Despite having only approximately 10 wild individuals, the world’s rarest sea mammal has a chance of survival, according to DNA analysis.
According to biologists, the vaquita porpoise is on the verge of extinction, yet DNA testing suggests that the population is still genetically viable.
The little silvery porpoise can only be seen in the Gulf of California in Mexico.
However, being trapped in giant weighted nets known as gillnets poses an existential threat.
“Our analysis reveals that the vaquita has a strong chance of escaping extinction if we can protect it by eliminating gillnets from its habitat,” study researcher Dr Jacqueline Robinson of the University of California, San Francisco, stated.”
Some people had given up hope of conserving the vaquita, believing that even if the species could be preserved from fishing pressures, in-breeding would wipe it out.
According to the study published in Science, the vaquita is not “genetically impaired” and should be able to recover from near-extinction provided its environment is adequately safeguarded.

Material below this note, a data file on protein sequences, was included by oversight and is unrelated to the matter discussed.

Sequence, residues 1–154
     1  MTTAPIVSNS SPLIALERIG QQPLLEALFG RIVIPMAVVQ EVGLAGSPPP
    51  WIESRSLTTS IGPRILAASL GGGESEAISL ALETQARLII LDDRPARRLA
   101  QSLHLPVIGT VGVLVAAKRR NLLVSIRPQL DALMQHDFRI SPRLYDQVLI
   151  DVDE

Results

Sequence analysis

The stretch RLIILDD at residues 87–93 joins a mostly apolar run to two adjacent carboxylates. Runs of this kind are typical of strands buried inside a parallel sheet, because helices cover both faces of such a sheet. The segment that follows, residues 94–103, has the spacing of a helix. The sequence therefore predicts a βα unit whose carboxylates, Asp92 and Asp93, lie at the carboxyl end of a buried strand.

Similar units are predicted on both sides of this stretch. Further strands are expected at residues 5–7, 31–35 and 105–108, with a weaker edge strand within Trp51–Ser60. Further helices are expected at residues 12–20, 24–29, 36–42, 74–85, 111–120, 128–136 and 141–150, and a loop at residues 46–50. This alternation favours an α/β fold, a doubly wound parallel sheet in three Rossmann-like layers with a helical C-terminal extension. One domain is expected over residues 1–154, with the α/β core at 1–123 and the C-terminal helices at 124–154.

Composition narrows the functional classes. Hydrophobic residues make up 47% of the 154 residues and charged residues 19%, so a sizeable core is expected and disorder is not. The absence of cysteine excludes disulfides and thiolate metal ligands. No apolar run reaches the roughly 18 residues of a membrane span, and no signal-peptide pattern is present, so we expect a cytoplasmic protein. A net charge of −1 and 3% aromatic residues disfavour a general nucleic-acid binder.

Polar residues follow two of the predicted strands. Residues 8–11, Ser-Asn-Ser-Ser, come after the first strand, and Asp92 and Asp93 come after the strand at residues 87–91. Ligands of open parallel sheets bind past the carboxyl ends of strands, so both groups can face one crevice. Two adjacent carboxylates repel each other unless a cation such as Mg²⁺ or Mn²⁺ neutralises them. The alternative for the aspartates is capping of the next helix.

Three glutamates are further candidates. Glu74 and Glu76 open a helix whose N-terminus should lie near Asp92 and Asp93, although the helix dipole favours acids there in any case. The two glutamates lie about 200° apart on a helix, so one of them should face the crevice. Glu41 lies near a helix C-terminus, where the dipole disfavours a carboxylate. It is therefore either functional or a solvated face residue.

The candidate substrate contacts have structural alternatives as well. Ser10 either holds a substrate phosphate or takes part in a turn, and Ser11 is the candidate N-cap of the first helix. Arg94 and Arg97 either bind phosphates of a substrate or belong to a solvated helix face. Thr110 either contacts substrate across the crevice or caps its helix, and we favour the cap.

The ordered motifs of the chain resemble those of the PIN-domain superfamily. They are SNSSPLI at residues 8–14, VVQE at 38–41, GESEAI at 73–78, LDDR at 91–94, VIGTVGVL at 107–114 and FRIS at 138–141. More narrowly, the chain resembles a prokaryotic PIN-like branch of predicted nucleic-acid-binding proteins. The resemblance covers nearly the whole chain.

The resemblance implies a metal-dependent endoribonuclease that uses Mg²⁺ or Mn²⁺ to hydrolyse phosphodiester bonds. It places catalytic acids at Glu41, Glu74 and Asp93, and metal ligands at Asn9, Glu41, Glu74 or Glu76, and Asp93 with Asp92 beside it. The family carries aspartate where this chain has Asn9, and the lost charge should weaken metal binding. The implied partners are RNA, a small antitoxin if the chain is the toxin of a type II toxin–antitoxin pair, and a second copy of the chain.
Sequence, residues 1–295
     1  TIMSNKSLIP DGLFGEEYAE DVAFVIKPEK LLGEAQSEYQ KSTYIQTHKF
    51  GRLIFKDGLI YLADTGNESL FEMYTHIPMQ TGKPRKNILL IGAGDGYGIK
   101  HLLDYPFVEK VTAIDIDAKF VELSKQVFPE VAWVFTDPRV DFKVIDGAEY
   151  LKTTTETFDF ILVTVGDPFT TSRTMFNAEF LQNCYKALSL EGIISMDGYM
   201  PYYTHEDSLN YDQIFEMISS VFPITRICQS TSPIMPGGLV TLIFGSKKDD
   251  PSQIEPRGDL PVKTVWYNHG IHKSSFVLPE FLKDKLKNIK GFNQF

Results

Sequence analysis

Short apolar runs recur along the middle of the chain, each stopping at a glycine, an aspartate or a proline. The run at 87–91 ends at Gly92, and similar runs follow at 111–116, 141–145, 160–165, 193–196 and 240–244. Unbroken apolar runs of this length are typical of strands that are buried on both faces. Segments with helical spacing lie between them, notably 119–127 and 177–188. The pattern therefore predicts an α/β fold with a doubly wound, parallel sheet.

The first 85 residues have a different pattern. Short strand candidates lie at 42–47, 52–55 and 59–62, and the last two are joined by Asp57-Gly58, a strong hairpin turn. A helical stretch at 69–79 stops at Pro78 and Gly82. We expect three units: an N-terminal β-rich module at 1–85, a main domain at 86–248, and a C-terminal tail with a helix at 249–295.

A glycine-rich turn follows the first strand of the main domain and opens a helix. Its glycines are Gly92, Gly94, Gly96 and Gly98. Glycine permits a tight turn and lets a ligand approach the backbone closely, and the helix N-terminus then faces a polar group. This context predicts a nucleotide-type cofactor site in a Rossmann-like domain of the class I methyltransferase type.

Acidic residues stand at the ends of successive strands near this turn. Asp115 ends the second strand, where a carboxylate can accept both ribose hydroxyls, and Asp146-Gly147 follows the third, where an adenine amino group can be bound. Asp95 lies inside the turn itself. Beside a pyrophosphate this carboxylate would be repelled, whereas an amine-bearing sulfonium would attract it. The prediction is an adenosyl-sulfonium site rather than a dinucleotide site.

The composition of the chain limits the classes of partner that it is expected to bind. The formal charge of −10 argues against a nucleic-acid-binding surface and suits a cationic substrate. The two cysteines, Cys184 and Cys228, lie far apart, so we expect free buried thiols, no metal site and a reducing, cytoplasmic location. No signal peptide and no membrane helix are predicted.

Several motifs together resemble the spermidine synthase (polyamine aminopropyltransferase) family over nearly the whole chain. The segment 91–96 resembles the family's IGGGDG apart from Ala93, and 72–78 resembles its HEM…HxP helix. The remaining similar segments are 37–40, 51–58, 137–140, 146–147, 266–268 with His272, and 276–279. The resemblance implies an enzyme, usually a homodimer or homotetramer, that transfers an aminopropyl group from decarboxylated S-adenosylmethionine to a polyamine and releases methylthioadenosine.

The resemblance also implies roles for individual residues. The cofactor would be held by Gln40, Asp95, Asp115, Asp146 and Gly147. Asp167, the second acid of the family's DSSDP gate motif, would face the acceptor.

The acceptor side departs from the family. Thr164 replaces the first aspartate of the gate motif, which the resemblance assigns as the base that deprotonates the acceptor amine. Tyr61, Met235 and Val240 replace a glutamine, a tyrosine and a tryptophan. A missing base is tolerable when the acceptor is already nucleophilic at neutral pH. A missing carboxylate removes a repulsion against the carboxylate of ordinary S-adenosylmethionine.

The scientists looked at DNA from vaquitas caught between 1985 and 2017, which are closely linked to those alive today. They also created a computer model based on their DNA discoveries to anticipate how the population would change over the next 50 years.
The risks of inbreeding are lessened because the species has been rare for a long time and has naturally low levels of genetic variation, according to the researchers. They believe there are lessons to be learned for other endangered species, such as those that live on islands or have a small range.
However, given past tensions between conservationists and locals, as well as diplomatic friction over the Mexican government’s enforcement of fishing bans, saving the vaquita will be difficult.
Gillnet bans have been met with criticism from fishing communities. The illegal trade in the totoaba fish has also contributed to the extinction of the vaquita and other marine species caught in the nets.
Before being included on Mexico’s endangered species list, totoaba was a food source.
The swim bladder, which helps the fish stay afloat, is treasured in China for its rumoured (but untested) therapeutic powers.